Does having student loan debt make buying a home more difficult?
Mortgage interest rates remain near historic lows, creating a tempting opportunity to enter the market as a first-time home buyer. But student loan debt can present a barrier to buying a home.
The average borrower owes $ 33,654 in student loan debt, according to data compiled by Credible. The average repayment plan is $ 393 per month, which could easily hurt your ability to pay a mortgage.
President Joe Biden’s plan to cancel student loans might offer some relief to potential home buyers, but it could take months and not cover private student loan debts. In the meantime, here’s a closer look at how student debt might affect your ability to buy a home – and what you can do about it.
Saving for a down payment can be difficult
A larger down payment can mean less financial expense and potentially lower monthly mortgage payments, leaving more room for your personal finances. About 26% of first-time home buyers cited saving for a down payment as the most difficult part of the home buying process, according to a Report 2020 of the National Association of Real Estate Agents (NAR).
There are two ways that student debt could affect your ability to buy a home. First, if you can only save a small down payment, student loan payments could limit your options for properties and mortgages. Second, you may have to delay buying your home if you hope to save a larger down payment.
Refinancing student debt could help lower your monthly payments while saving money on interest, leaving you with more money in your budget to spend on a down payment. If you are interested in the benefits of refinancing, you can visit Credible to view student loan refinance rates from multiple lenders in one place.
Student debt could increase your debt-to-income ratio
Your Debt-to-Income Ratio (DTI) is the percentage of your income that goes towards paying down debt each month. This number is important because most lenders cap the maximum authorized DTI at 43% for qualified mortgages, according to the Consumer Financial Protection Bureau (CFPB).
If your monthly student loan payments cause you to exceed this threshold, then you may be turned down for a home loan. It is also important to note that lenders do not have to strictly adhere to the 43% DTI rule; they could lower the maximum debt-to-income ratio allowed.
Refinancing these student loans could help lower monthly payments and improve your DTI. You can use a online student loan refinance calculator to estimate what your new monthly payments might be. With Credible you can get prequalified for student loan refinance rates without affecting your credit score.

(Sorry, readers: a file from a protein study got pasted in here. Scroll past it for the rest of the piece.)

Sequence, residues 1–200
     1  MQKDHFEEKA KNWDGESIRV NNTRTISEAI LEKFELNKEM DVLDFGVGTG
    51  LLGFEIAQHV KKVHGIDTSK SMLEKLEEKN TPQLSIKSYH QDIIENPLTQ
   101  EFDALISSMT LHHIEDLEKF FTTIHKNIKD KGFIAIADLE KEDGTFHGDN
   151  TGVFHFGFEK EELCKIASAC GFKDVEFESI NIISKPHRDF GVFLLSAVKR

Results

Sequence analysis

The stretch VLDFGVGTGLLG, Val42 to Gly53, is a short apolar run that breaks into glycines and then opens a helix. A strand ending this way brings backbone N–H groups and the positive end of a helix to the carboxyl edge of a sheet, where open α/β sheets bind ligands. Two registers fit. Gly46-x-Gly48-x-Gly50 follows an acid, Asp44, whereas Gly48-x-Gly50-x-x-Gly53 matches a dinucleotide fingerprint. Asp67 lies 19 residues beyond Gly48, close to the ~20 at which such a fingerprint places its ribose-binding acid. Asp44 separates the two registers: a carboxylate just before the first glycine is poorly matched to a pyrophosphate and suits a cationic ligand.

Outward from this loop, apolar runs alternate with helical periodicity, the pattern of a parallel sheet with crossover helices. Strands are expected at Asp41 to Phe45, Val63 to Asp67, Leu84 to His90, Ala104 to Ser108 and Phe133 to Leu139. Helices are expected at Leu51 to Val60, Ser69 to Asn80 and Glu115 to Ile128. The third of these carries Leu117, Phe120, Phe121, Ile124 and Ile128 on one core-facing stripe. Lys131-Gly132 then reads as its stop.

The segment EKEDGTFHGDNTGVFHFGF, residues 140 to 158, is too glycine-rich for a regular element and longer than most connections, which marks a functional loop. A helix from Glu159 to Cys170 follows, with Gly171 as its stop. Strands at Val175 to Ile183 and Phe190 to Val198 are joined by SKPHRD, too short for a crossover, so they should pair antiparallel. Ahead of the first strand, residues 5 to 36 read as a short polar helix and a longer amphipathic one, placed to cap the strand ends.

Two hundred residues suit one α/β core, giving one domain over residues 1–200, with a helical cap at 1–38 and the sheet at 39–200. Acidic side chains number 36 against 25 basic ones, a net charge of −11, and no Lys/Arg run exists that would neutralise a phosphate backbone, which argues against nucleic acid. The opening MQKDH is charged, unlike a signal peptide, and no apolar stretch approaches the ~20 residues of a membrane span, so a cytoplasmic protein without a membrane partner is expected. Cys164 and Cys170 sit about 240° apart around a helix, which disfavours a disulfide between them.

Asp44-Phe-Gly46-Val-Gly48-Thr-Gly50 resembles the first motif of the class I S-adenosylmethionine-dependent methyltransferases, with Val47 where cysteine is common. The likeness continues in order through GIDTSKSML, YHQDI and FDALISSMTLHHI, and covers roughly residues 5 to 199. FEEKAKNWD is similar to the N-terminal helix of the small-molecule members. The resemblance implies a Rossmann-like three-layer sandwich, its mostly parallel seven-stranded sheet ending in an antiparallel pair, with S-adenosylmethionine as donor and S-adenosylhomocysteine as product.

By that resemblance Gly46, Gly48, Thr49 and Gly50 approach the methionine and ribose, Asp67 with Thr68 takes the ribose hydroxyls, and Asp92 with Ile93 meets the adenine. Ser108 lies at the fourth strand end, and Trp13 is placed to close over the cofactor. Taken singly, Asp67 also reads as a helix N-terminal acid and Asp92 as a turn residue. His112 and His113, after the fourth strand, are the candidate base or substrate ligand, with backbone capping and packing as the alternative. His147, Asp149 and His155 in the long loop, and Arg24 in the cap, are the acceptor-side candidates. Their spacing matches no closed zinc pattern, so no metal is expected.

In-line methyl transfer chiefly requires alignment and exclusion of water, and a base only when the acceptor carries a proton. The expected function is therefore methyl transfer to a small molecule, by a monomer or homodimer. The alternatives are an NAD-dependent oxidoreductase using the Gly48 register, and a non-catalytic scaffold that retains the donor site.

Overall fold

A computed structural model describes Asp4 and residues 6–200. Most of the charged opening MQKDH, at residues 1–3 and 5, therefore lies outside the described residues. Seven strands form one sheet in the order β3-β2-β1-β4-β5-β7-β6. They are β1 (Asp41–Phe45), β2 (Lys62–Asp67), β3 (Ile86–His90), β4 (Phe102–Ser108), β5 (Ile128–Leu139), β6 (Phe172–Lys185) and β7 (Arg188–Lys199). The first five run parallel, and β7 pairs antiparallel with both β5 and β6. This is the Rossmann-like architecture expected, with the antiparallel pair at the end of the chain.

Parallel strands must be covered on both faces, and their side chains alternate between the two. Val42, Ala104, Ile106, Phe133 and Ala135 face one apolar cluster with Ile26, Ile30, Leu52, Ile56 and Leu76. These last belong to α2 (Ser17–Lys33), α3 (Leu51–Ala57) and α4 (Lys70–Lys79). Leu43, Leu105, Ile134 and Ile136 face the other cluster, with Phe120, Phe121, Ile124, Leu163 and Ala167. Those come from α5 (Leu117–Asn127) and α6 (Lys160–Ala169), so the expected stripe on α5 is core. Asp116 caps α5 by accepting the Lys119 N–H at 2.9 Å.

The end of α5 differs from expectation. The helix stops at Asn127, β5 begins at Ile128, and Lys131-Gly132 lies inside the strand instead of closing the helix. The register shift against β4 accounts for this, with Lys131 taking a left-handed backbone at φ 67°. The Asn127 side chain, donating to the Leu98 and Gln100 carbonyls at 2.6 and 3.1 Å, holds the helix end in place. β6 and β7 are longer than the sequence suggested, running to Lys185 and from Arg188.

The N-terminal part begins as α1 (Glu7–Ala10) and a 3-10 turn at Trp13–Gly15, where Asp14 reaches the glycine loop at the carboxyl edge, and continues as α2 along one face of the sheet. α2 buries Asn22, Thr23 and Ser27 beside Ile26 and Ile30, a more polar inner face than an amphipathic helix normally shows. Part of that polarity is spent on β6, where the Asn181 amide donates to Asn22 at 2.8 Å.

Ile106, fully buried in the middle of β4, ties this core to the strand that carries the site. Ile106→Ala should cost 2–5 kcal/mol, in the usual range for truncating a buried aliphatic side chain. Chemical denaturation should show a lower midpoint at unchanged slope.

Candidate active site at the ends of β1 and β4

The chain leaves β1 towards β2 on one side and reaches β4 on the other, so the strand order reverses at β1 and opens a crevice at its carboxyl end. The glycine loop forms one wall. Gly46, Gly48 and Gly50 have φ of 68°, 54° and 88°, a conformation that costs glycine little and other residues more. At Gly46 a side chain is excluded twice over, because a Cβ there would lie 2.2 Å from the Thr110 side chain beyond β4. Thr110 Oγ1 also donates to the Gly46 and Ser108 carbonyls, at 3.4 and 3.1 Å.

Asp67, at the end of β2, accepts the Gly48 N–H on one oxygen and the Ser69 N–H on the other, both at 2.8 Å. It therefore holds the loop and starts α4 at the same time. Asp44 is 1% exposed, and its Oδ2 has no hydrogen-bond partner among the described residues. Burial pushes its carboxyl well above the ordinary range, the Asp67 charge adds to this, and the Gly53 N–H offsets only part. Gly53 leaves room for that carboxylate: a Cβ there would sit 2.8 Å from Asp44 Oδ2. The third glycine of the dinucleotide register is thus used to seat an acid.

Think carefully about refinancing federal student loans, however. Under the Biden administration’s loan cancellation plan, only federal student loan debt would be eligible. Refinancing federal loans into private student loans could cause you to miss out on this advantage.
Missing payments could hurt your credit score
Besides your DTI ratio, mortgage lenders also take a close look at your credit history when deciding whether or not to approve you for a home loan. Late or missed payments or a default on your student loan could lead to a drop in your credit rating. While there are bad credit mortgage options, they can come with higher interest rates, making it more expensive to buy a home in the long run.
Setting up automatic payments can help avoid the possibility of missed or overdue payments affecting your credit. Your lender may offer an interest rate reduction for signing up for automatic payment, which could help you save money on interest over the life of the loan. This option may be available for federal student loans and private student loans.
If you’re having trouble paying off your federal student debt, you can contact your loan officers to discuss options. Federal loan borrowers currently have their loans forborne until September 30, 2021, but you may need to continue with additional forbearance or postponement after this window closes.
With private student loans, it is up to your lender to decide whether they offer some type of forbearance or deferral for financial hardship. If your loan managers don’t allow forbearance or deferrals of any kind with private student loans, refinancing your loans elsewhere could help make payments more affordable.
At the end of the line
Student loans can be a barrier to buying a home, but it’s still possible to achieve your goal of buying the home of your dreams. Speeding up your student debt repayment can help, and this is one of the reasons borrowers are considering refinancing their loans. You can visit Credible to view student loan refinance rates from several lenders today.
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